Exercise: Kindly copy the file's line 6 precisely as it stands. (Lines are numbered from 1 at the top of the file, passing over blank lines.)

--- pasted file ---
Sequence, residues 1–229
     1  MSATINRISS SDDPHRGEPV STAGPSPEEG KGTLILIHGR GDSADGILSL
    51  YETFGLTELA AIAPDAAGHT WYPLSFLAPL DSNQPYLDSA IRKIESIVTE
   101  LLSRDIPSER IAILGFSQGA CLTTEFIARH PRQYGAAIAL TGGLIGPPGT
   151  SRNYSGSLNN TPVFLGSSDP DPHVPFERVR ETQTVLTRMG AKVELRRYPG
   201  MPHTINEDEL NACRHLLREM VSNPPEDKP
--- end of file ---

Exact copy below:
   201  MPHTINEDEL NACRHLLREM VSNPPEDKP